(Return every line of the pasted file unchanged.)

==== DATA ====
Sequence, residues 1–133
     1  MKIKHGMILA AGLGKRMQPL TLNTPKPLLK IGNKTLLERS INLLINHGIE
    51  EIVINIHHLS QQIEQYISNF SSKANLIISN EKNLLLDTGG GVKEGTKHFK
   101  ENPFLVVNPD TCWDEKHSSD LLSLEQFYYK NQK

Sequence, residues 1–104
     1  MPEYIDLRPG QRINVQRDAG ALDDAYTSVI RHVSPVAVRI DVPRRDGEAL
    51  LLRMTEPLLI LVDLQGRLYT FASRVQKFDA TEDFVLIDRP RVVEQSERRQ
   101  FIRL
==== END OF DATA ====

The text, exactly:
Sequence, residues 1–133
     1  MKIKHGMILA AGLGKRMQPL TLNTPKPLLK IGNKTLLERS INLLINHGIE
    51  EIVINIHHLS QQIEQYISNF SSKANLIISN EKNLLLDTGG GVKEGTKHFK
   101  ENPFLVVNPD TCWDEKHSSD LLSLEQFYYK NQK

Sequence, residues 1–104
     1  MPEYIDLRPG QRINVQRDAG ALDDAYTSVI RHVSPVAVRI DVPRRDGEAL
    51  LLRMTEPLLI LVDLQGRLYT FASRVQKFDA TEDFVLIDRP RVVEQSERRQ
   101  FIRL